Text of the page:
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Korean Religions in Relation: Buddhism, Confucianism, Christianity ed. by Anselm K. Min (review)

Korean Religions in Relation: Buddhism, Confucianism, Christianity ed. by Anselm K. Min (review) Book Review Korean Religions in Relation: Buddhism, Confucianism, Christianity, edited by Anselm K. Min, Albany: SUNY Press, 2016, 319 pp. This interesting and pioneering collection of essays by Anselm K. Min displays a gamut of strong interest in Buddhism, Confucianism, and Christianity as found in Korean religious traditions. What is most distinctive about this essay collection is its relational approach. Unlike other books or anthologies in the field, this work considers Korean religions ‘‘in their mutual relations’’ (p. 1), relations chiefly involving ‘‘conflict and exclusion, practical accommodation, assimilation and dialogues’’ (p. 2). Notably, Shamanism, the traditional Korean animism, is not covered in the book (the editor himself regretfully acknowledges omitting it due to limitations of time and space). Also conspicuously lacking is any discussion of religions during the early period of Korean history, i.e., the Three Kingdoms and Unified Silla periods. The essays are divided into four parts following a tribute to Professor Wi Jo Kang, a preface, and the editor’s introduction. Part I contains chapters by Jongmyung Kim and A. Charles Muller. In chapter 2, entitled ‘‘Interactions between Buddhism and Confucianism in Medieval Korea,’’ Kim provides valuable insights into the medieval kingdom of Koryŏ. A conventional view among http://www.deepdyve.com/assets/images/DeepDyve-Logo-lg.png Journal of Korean Religions University of Hawai'I Press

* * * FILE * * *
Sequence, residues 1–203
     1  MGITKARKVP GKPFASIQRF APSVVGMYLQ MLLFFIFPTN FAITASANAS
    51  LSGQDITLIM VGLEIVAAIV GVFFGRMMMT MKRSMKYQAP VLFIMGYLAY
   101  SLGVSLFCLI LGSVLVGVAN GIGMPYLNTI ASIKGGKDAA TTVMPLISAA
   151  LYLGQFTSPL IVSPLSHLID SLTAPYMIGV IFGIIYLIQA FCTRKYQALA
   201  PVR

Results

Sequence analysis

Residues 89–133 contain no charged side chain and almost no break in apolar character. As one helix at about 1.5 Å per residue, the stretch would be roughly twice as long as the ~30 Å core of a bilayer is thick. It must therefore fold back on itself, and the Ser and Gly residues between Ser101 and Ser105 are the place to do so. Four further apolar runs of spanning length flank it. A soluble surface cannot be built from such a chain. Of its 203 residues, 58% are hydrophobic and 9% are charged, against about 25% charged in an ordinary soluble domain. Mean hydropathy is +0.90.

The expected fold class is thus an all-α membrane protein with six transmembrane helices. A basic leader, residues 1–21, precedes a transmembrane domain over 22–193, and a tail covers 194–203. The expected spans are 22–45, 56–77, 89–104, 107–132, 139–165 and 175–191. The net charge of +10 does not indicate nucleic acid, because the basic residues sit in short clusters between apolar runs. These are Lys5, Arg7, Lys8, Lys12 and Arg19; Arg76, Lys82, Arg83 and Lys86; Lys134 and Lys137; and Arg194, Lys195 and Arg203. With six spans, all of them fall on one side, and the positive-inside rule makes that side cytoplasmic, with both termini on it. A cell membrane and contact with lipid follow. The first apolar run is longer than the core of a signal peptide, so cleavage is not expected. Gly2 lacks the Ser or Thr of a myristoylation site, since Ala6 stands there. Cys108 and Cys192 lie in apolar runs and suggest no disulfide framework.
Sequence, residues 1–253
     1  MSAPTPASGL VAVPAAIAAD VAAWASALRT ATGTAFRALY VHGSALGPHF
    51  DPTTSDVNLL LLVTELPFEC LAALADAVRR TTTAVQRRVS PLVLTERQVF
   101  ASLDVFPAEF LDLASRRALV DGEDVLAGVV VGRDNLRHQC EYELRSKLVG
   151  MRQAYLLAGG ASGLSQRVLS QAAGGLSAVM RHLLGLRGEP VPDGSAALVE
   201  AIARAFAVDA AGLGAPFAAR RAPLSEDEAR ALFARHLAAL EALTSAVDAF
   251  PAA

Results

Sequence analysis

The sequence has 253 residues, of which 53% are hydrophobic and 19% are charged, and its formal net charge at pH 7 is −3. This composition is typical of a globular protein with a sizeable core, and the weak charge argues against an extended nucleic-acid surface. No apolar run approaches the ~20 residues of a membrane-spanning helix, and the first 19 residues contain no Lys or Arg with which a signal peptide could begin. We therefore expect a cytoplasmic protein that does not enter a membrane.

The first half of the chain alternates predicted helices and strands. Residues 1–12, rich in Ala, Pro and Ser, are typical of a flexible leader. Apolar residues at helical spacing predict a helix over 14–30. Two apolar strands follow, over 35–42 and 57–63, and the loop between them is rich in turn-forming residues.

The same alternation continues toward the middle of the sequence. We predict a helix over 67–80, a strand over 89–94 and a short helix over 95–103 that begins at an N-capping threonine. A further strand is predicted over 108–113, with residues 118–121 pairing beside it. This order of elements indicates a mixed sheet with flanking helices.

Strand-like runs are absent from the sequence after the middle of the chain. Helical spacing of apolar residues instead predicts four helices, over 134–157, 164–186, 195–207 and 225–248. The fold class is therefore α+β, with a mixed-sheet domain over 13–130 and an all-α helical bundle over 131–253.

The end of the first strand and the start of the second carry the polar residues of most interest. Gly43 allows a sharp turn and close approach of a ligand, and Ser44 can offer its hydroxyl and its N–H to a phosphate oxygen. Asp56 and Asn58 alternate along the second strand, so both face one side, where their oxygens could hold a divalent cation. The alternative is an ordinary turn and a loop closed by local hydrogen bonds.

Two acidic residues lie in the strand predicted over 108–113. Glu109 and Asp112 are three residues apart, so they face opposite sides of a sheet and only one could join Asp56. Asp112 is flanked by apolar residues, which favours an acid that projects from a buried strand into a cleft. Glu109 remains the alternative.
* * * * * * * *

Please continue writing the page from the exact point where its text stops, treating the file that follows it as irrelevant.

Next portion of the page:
Korean Religions in Relation: Buddhism, Confucianism, Christianity ed. by Anselm K. Min (review)

Journal of Korean Religions , Volume 8 (1) – May 24, 2017

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Publisher
University of Hawai'I Press
Copyright
Copyright © Institute for the Study of Religion, Sogang University, Korea
ISSN
2093-7288
eISSN
2167-2040

Abstract

Book Review Korean Religions in Relation: Buddhism, Confucianism, Christianity, edited by Anselm K. Min, Albany: SUNY Press, 2016, 319 pp. This interesting and pioneering collection of essays by Anselm K. Min displays a gamut of strong interest in Buddhism, Confucianism, and Christianity as found in Korean religious traditions. What is most distinctive about this essay collection is its relational approach. Unlike other books or anthologies in the field, this work considers Korean religions ‘‘in their mutual relations’’ (p. 1), relations chiefly involving ‘‘conflict and exclusion, practical accommodation, assimilation and dialogues’’ (p. 2). Notably, Shamanism, the traditional Korean animism, is not covered in the book (the editor himself regretfully acknowledges omitting it due to limitations of time and space). Also conspicuously lacking is any discussion of religions during the early period of Korean history, i.e., the Three Kingdoms and Unified Silla periods. The essays are divided into four parts following a tribute to Professor Wi Jo Kang, a preface, and the editor’s introduction. Part I contains chapters by Jongmyung Kim and A. Charles Muller. In chapter 2, entitled ‘‘Interactions between Buddhism and Confucianism in Medieval Korea,’’ Kim provides valuable insights into the medieval kingdom of Koryŏ. A conventional view among

Journal

Journal of Korean ReligionsUniversity of Hawai'I Press

Published: May 24, 2017

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